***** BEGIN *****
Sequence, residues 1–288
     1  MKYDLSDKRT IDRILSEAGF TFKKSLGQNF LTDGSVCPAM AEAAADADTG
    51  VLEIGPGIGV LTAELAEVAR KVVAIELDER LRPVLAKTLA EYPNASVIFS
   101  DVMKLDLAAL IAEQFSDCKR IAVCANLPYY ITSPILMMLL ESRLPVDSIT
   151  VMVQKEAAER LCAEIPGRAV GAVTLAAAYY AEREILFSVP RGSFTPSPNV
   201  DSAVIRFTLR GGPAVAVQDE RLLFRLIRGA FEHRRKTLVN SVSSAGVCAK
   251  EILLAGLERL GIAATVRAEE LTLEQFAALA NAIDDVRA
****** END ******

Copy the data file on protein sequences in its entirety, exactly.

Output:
Sequence, residues 1–288
     1  MKYDLSDKRT IDRILSEAGF TFKKSLGQNF LTDGSVCPAM AEAAADADTG
    51  VLEIGPGIGV LTAELAEVAR KVVAIELDER LRPVLAKTLA EYPNASVIFS
   101  DVMKLDLAAL IAEQFSDCKR IAVCANLPYY ITSPILMMLL ESRLPVDSIT
   151  VMVQKEAAER LCAEIPGRAV GAVTLAAAYY AEREILFSVP RGSFTPSPNV
   201  DSAVIRFTLR GGPAVAVQDE RLLFRLIRGA FEHRRKTLVN SVSSAGVCAK
   251  EILLAGLERL GIAATVRAEE LTLEQFAALA NAIDDVRA